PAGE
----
Archive for the ‘Enthought’ Category
I left Toronto for Austin mid-day Wednesday, and got back at midnight last night. Lots happened in the interim, so here’s a linkandthoughtdump (which I bet actually is one word in German):
- Gave a talk about Beautiful Code to the Austin Python Users’ Group Wednesday at Enthought‘s swanky offices. (They’re the kind folks who provide web hosting for the Software Carpentry course.) About 27 people in attendance, and good discussion afterward; was grateful to Travis Vaught and Sergey Fomel for rides from the airport and to the hotel respectively.
- Gave another talk titled “HPC Considered Harmful” at the Texas Advanced Computing Center‘s Second Annual Scientific Software Days. I was a bit nervous about telling people at a supercomputing center that focusing on massive parallelism and peak performance is wrongheaded, but there were a lot of nodding heads.
- I made lots of notes from two other talks that I want to follow up on at some point:
- Robert van de Geijn’s FLAME system lets you draw matrix operations, then automatically generates the corresponding high-performance code. It’s a great example of a real high-level programming tool for scientists (and yet another special case of what a real extensible programming system would support).
- Eric Jones (also from Enthought) talked about a tool they’re building that watches changes to variables in Python programs, and automatically generates interactive plots of their values. It sounds simpler and less impressive than it actually is; I’ve asked him to put together a screencast, and I think you’ll be wowed—I was. (Later: Steve Eddings from The Mathworks sent me a link about data linking in MATLAB, complete with a video tutorial.)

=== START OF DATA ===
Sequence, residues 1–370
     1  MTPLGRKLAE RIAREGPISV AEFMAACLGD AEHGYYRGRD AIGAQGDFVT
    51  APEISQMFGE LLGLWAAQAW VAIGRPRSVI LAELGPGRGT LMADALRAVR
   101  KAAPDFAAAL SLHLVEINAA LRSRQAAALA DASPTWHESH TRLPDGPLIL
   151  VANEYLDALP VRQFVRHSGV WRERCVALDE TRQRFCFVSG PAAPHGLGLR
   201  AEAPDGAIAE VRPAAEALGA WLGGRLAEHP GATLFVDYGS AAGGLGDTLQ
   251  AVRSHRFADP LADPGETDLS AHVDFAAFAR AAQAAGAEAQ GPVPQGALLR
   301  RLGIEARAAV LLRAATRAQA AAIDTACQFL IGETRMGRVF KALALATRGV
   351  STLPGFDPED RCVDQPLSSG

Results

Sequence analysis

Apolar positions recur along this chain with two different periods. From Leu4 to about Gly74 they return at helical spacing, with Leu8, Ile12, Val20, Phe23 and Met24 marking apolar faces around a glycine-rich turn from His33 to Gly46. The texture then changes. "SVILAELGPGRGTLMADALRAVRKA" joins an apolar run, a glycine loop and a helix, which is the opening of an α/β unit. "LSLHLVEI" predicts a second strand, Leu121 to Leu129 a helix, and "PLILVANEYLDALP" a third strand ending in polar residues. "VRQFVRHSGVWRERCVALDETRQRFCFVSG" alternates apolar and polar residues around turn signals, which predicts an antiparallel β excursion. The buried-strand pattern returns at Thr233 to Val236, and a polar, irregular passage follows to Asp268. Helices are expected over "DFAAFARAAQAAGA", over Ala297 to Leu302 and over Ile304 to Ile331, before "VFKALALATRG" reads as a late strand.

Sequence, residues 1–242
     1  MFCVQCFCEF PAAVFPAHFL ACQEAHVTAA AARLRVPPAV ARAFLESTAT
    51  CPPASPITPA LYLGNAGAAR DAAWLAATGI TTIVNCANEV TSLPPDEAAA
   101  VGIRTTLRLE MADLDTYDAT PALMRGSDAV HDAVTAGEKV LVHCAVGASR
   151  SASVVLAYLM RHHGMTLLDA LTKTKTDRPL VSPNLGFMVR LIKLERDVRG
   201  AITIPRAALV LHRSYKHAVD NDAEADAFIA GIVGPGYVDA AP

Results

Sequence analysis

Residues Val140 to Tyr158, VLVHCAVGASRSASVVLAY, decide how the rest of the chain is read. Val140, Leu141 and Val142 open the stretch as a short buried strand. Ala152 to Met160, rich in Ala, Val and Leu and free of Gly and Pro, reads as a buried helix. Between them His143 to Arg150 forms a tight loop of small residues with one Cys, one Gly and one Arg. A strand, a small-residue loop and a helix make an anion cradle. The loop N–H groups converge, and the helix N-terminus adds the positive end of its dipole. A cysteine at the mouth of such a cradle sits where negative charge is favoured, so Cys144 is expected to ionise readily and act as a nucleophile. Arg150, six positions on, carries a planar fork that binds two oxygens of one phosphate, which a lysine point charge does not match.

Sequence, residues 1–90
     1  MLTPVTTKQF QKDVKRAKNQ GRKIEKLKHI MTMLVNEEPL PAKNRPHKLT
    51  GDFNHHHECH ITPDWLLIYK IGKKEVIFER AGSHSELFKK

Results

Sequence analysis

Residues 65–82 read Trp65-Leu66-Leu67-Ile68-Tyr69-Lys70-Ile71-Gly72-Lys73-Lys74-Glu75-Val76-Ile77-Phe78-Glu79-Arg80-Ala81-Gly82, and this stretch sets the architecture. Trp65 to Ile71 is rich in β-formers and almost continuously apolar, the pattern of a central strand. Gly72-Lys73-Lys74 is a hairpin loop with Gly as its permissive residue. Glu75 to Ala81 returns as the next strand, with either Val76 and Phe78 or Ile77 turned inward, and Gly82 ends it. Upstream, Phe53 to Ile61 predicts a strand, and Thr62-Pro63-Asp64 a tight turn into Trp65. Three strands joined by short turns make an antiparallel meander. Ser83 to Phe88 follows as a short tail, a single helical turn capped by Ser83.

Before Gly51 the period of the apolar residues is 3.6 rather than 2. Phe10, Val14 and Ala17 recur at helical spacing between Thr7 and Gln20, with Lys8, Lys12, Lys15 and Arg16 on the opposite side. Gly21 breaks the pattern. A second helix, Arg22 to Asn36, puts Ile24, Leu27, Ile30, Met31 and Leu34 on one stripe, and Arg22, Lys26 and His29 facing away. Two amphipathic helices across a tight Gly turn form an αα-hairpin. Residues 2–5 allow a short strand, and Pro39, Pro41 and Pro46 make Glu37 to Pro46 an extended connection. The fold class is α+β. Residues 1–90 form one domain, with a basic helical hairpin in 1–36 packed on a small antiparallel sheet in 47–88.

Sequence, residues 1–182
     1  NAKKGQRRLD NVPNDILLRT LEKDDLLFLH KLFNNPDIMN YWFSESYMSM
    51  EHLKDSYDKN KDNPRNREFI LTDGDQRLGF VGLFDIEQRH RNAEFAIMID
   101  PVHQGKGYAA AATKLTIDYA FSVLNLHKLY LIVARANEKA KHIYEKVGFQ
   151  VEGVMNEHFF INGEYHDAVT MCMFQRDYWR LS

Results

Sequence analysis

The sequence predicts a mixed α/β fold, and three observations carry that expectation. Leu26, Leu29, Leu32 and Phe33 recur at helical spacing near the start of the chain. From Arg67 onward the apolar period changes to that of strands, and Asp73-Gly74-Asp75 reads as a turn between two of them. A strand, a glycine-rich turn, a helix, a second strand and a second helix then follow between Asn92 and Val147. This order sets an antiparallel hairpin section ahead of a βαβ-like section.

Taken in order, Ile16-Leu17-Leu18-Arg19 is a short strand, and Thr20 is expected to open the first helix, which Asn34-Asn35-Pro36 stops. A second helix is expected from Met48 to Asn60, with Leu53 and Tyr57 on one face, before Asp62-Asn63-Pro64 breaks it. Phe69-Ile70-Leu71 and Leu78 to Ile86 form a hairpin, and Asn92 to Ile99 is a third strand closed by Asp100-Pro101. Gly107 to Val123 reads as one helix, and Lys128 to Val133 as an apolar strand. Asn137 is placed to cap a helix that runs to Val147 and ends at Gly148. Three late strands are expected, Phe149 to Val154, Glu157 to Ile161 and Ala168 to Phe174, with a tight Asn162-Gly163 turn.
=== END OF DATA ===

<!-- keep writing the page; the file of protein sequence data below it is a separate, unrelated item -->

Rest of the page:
- At roughly the same time, half a world away, Diomidis Spinellis presented a study comparing the code quality of Linux, Windows, OpenSolaris, and FreeBSD. Very cool work; wish I’d been at ICSE’08 to ask questions.
- Meanwhile, Dmitri Vassiliev, who is continuing his work on SlashID this summer, has discovered that generated code is next-to-impossible to debug. Not to be a one-note symphony or anything, but I said in that same article about extensible programming systems that the real challenge is not extending notation, but creating extensible debugging tools so that those notations and high-level representations can be fixed when they break. Robert van de Geijn doesn’t think FLAME needs a debugger; respectfully, I disagree.
- Science in the Open has a plea to scientists to make their raw data available, motivated by yet another irreproducible result.
- Kosta Zabashta has posted early thoughts about integrating IRC into DrProject. (Gray on black? Kosta…your design skills rival mine…) I need to tell him that DrProject’s RPC module doesn’t handle tickets because Jeff Balogh is going to replace the entire ticketing system with an extensible one this summer, using his Dojo Form Editor as a front end…
- Elisabeth Hendrickson has thoughts on automating tests for legacy web applications. Students, take note.
- Thanks to Nick Jamil and others, we have instructions for installing DrProject on Windows. Yay!
- Everything old is new again, including Ada and the Bletchley Park Colossus.
And then there’s this:
Visits to the Software Carpentry site were down quite a bit in December; I had expected a drop because of the holiday, but not this large. On the bright side, 47 students have signed up for the course at U of T this term; about 1/3 are from Computer Science, while the rest span Civil Engineering, Ecology, Physics, Ecology, and the life sciences.
Traffic on the Software Carpentry site was up again in October, after a dip in September:
The sys admin at Enthought also cleaned the comment spam out of the Trac they gave me to manage the project. I have two dozen more minor tickets to file from email I’ve received in the last few weeks (much of it from Germany). Still waiting for people to start contributing content — any volunteers?
Thanks to the folks at Enthought, the Software Carpentry course notes have a new home at
. I’ll move the wiki, bug tracker, and mailing lists there over the next couple of days as well. I hope the community will find the material useful — it’s certainly been a lot of fun putting it together.